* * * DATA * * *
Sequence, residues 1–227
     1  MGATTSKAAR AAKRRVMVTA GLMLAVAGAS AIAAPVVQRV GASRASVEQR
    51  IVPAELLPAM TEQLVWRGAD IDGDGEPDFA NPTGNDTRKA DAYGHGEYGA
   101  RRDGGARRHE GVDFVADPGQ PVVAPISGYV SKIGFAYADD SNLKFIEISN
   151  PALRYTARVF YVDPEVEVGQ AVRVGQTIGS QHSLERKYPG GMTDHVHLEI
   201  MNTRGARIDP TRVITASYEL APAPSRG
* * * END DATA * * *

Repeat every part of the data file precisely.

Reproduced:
Sequence, residues 1–227
     1  MGATTSKAAR AAKRRVMVTA GLMLAVAGAS AIAAPVVQRV GASRASVEQR
    51  IVPAELLPAM TEQLVWRGAD IDGDGEPDFA NPTGNDTRKA DAYGHGEYGA
   101  RRDGGARRHE GVDFVADPGQ PVVAPISGYV SKIGFAYADD SNLKFIEISN
   151  PALRYTARVF YVDPEVEVGQ AVRVGQTIGS QHSLERKYPG GMTDHVHLEI
   201  MNTRGARIDP TRVITASYEL APAPSRG